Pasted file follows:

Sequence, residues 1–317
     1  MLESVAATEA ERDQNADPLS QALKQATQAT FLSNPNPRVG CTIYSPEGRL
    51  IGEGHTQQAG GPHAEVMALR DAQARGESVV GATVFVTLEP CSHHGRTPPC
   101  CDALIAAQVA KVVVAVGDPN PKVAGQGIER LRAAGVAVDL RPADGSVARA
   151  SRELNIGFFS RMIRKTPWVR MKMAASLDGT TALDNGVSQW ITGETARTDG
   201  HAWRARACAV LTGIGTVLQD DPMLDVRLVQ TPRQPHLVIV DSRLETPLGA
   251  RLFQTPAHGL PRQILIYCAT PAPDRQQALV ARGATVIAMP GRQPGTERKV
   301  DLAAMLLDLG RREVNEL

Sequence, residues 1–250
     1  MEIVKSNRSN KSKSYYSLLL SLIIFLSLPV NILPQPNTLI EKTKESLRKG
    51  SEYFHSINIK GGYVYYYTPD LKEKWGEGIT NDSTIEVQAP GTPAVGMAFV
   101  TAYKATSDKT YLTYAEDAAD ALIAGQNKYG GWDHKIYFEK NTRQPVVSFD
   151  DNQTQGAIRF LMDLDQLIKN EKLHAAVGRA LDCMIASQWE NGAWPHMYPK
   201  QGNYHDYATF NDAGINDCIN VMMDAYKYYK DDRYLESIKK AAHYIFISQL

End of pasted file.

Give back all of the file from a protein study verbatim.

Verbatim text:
Sequence, residues 1–317
     1  MLESVAATEA ERDQNADPLS QALKQATQAT FLSNPNPRVG CTIYSPEGRL
    51  IGEGHTQQAG GPHAEVMALR DAQARGESVV GATVFVTLEP CSHHGRTPPC
   101  CDALIAAQVA KVVVAVGDPN PKVAGQGIER LRAAGVAVDL RPADGSVARA
   151  SRELNIGFFS RMIRKTPWVR MKMAASLDGT TALDNGVSQW ITGETARTDG
   201  HAWRARACAV LTGIGTVLQD DPMLDVRLVQ TPRQPHLVIV DSRLETPLGA
   251  RLFQTPAHGL PRQILIYCAT PAPDRQQALV ARGATVIAMP GRQPGTERKV
   301  DLAAMLLDLG RREVNEL

Sequence, residues 1–250
     1  MEIVKSNRSN KSKSYYSLLL SLIIFLSLPV NILPQPNTLI EKTKESLRKG
    51  SEYFHSINIK GGYVYYYTPD LKEKWGEGIT NDSTIEVQAP GTPAVGMAFV
   101  TAYKATSDKT YLTYAEDAAD ALIAGQNKYG GWDHKIYFEK NTRQPVVSFD
   151  DNQTQGAIRF LMDLDQLIKN EKLHAAVGRA LDCMIASQWE NGAWPHMYPK
   201  QGNYHDYATF NDAGINDCIN VMMDAYKYYK DDRYLESIKK AAHYIFISQL